Today, let's turn to France and look at a band I am in the throes of a fling with, Mikado, a duo made up of Gregori Czerkinsky and Pascale Borel that was founded in 1982 and disbanded in 1991. And that was named after the pick-up sticks game.

In brief, they were a synth-pop act that, due to a cult following cultivated in Japan from the success of their first EP, a quiet, click track-backed affair put out by Annik Honoré's Les Disques Du Crépuscule, to most know as the sort of Gallic cousin to Factory Records, found themselves whisked away to Japan to record an album with Haruomi Hosono (細野 晴臣) for his newly-started imprint, Non-Standard.

It's wild how clear the connection to the Non-Standard world is here: the self-titled full-length has the presence of early Pizzicato Five singles (e.g. "Boy Meets Girl," "The Audrey Hepburn Complex") and the blue joyousness of retrofuturist city pop productions of the time. Listening to it, it's impossible to tell where the French influence seeps into the Japanese technique and how the Japanese voice informs the French character. It's an aural hall of mirrors that can send an 80s and 90s Japanophile like myself into a meltdown.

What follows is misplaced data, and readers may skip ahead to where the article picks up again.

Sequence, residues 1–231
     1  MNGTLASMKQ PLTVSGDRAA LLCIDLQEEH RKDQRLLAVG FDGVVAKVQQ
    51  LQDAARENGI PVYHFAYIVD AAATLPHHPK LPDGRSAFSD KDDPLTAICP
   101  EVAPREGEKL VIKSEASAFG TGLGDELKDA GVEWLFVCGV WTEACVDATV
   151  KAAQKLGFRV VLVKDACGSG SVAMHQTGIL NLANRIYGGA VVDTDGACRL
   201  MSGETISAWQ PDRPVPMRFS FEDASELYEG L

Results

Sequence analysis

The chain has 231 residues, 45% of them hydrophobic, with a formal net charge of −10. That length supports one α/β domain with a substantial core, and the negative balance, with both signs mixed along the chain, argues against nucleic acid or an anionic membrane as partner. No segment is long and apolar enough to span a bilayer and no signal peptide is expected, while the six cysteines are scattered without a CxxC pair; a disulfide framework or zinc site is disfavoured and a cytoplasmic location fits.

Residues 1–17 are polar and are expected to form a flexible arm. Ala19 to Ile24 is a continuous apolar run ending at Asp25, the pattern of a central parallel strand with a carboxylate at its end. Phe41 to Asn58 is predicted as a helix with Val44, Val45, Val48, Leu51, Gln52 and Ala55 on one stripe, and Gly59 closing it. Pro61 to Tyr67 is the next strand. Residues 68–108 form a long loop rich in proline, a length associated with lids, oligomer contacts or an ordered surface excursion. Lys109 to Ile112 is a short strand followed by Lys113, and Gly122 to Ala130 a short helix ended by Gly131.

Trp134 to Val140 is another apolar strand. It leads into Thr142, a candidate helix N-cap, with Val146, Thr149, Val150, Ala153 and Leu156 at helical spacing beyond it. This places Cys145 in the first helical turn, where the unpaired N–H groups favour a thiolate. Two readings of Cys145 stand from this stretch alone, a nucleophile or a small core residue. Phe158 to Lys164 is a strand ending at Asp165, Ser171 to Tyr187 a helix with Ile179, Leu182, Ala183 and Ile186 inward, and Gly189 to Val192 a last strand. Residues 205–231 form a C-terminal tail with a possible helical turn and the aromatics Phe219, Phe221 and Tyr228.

The drums are unadorned yet full and forward; the vocals whispered and soft yet seductively feathered and bristled at the edges; the arrangements are austerely constructed with keyboard-led toplines that precisely outline these musical mazes that are impossible not to get lost in.

Their videos are pretty special, too.

I'm not going to get into it here, but Czerkinsky and Borel's post-breakup efforts are excellent, too, and I'll start you down the path of flipping through that stuff with a couple choice examples.